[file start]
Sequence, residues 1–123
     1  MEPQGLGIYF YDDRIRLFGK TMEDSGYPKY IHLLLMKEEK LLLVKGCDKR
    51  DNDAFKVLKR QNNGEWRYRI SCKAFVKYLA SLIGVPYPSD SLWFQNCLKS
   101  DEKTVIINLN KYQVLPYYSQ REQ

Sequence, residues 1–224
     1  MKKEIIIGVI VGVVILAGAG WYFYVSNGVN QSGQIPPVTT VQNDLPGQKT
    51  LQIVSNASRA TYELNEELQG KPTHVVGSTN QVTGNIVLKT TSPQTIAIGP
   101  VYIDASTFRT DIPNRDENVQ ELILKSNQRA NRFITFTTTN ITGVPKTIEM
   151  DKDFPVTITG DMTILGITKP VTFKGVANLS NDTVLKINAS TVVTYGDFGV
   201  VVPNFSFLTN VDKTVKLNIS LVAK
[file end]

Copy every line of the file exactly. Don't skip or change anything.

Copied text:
Sequence, residues 1–123
     1  MEPQGLGIYF YDDRIRLFGK TMEDSGYPKY IHLLLMKEEK LLLVKGCDKR
    51  DNDAFKVLKR QNNGEWRYRI SCKAFVKYLA SLIGVPYPSD SLWFQNCLKS
   101  DEKTVIINLN KYQVLPYYSQ REQ

Sequence, residues 1–224
     1  MKKEIIIGVI VGVVILAGAG WYFYVSNGVN QSGQIPPVTT VQNDLPGQKT
    51  LQIVSNASRA TYELNEELQG KPTHVVGSTN QVTGNIVLKT TSPQTIAIGP
   101  VYIDASTFRT DIPNRDENVQ ELILKSNQRA NRFITFTTTN ITGVPKTIEM
   151  DKDFPVTITG DMTILGITKP VTFKGVANLS NDTVLKINAS TVVTYGDFGV
   201  VVPNFSFLTN VDKTVKLNIS LVAK